Practices of livestock farming are a global health issue

If we crowd animals together in large numbers to feed ourselves we maintain a high risk from emergent zoonotic disease

A farmers’ market in Guangzhou, Guangdong province, China. How we manage livestock may have a direct bearing on whether we can avoid future pandemics of zoonotic diseases.  Photograph: EPA/Alex Plavevski

A farmers’ market in Guangzhou, Guangdong province, China. How we manage livestock may have a direct bearing on whether we can avoid future pandemics of zoonotic diseases. Photograph: EPA/Alex Plavevski

 

There has been an understandable rush to see the coronavirus pandemic as a reason to rethink aspects of modern life. Working from home has been touted as a solution to long commutes and cycle lanes to the problem of urban traffic.

Environmentalists have pointed out that swift collective action, similar to that against Covid-19, could be effectively applied to the problem of climate change. If we focus specifically on the issue of containing infectious disease, however, then we ought to be having a very stark look at our relationship with the other animals on the planet.

SARS CoV 2 is believed to be a zoonotic disease (one spread from animals to humans), only one among the many that emerge each year. Scientists have just identified another swine flu strain that they believe has potential to cause a pandemic. If we think back to the feared pandemics of the recent past most of them can be traced to animals. More importantly, they can be traced to human relationships with other animals.

For example, it is now generally accepted that HIV/AIDs (arguably the last pandemic to cause a similar global panic as SARS CoV 2) moved from chimpanzees into humans. Both the emergence and the subsequent spread of the disease were enabled by economic factors (including imperialism) that brought people into denser groups and encouraged game hunting. This allowed many more opportunities for disease exchange between humans and between humans and chimpanzees.

Domestic animals

Expansion of human habitats has often exposed us to new diseases from wild animals, but equally important are livestock farming practices. In fact many historians believe that Europeans experienced higher rates of disease than indigenous peoples in the Americas because of close association with domestic animals rather than close association with other humans.

The SARS CoV 2 pandemic is a reminder that food animals can give us much more than nourishment. How we manage livestock may have a direct bearing on whether we can avoid future pandemics of zoonotic diseases.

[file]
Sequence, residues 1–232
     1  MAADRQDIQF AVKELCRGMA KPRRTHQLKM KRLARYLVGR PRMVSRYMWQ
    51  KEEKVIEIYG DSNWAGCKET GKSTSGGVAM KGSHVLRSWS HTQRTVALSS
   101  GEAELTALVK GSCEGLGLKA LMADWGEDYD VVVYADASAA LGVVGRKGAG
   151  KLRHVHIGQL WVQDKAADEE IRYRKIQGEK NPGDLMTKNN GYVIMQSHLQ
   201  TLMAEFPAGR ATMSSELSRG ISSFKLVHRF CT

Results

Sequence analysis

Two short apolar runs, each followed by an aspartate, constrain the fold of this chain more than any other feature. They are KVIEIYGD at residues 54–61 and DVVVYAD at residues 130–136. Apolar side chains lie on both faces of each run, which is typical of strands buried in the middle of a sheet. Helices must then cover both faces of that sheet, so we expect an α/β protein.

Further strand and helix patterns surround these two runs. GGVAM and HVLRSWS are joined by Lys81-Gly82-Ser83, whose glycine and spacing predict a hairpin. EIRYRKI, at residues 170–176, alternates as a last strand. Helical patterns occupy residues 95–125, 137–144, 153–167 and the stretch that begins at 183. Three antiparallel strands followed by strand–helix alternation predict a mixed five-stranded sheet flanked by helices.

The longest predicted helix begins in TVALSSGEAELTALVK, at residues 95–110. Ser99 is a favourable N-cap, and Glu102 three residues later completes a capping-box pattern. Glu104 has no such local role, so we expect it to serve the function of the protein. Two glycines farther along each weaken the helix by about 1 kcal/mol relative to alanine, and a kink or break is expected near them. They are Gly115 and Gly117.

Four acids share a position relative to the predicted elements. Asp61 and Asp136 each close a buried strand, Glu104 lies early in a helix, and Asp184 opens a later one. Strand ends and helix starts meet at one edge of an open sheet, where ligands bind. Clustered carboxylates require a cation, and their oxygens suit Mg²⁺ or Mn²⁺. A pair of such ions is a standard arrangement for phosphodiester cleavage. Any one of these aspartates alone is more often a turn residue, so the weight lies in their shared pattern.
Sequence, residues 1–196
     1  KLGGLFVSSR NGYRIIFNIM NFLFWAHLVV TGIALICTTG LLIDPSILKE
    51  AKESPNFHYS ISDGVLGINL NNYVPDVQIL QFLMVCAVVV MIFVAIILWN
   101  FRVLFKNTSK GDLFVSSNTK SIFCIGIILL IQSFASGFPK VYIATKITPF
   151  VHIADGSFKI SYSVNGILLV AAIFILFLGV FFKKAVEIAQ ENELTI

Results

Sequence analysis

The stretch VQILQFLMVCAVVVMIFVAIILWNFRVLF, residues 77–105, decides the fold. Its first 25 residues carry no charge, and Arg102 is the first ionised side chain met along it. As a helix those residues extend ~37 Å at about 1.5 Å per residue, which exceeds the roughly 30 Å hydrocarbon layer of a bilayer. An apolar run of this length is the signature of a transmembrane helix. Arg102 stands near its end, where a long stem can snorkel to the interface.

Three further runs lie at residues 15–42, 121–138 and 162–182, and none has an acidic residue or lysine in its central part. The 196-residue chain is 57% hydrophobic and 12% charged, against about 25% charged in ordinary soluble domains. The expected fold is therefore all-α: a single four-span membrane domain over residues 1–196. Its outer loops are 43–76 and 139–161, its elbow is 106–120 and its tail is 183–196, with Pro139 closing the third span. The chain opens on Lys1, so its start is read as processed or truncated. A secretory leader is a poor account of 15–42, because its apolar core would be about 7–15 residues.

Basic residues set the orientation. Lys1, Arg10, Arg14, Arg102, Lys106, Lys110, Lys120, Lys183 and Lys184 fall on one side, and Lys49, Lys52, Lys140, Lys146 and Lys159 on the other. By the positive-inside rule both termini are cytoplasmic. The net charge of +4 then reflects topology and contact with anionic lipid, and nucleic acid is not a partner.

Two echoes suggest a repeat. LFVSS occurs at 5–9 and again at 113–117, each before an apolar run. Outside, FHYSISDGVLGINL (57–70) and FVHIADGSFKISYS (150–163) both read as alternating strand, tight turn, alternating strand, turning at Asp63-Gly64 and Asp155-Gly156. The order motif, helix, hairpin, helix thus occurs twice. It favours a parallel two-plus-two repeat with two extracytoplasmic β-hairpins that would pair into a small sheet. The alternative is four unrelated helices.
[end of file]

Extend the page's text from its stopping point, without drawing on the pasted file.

A significant shift in how Ireland and much of the western world raised food animals occurred during the 19th century. Diseases like rinderpest, tuberculosis and pleuropneumonia threatened supplies of cattle and had the potential to sicken the people who ate them. Rinderpest and pleuropneumonia do not pass to humans, but that was not known at the time.

City governments sought to eliminate sick animals from the food chain, and they demanded centralised abattoirs where they could more effectively inspect the meat. One was constructed in Dublin in 1882, just outside of the North Circular Road near to the former cattle market. The idea was to prevent butchers from slaughtering in their own yards and thus remove an environmental hazard while improving meat inspection.

Since the 19th century many aspects of livestock farming have gone in the same direction: towards larger farms, larger herds, larger killing facilities and larger markets. This has created efficiencies and enabled an improved human diet (which in and of itself is one protection against disease). And the changes worked to reduce problems with tuberculosis and other diseases transmitted by food.

But that solution has created a new problem. Public health officials of the 19th and 20th centuries worried about the crowding of people into tenements where disease might spread easily. They worried about these people bringing animals into those environments, believing that their presence made habitations and yards even dirtier and more of a risk. Now, however, we often crowd those animals together in conditions far worse than a 19th century tenement building.

Public health

Those who sought public health reform in the past believed that if they could only separate dense human populations from animals then they would reduce the risk of disease. And for a while and in some places it did.

But we need a much more drastic reimagination of our relationship with the animals we raise to eat. Practices of livestock farming are a global health issue, not just a climate change issue. Human health cannot be crudely separated from animal health.

We can do little about farming practices in China, but we can learn from this disaster. If we continue to crowd animals together in large numbers to feed ourselves we maintain a high risk from emergent zoonotic disease.

Dr Juliana Adelman lectures in history at Dublin City University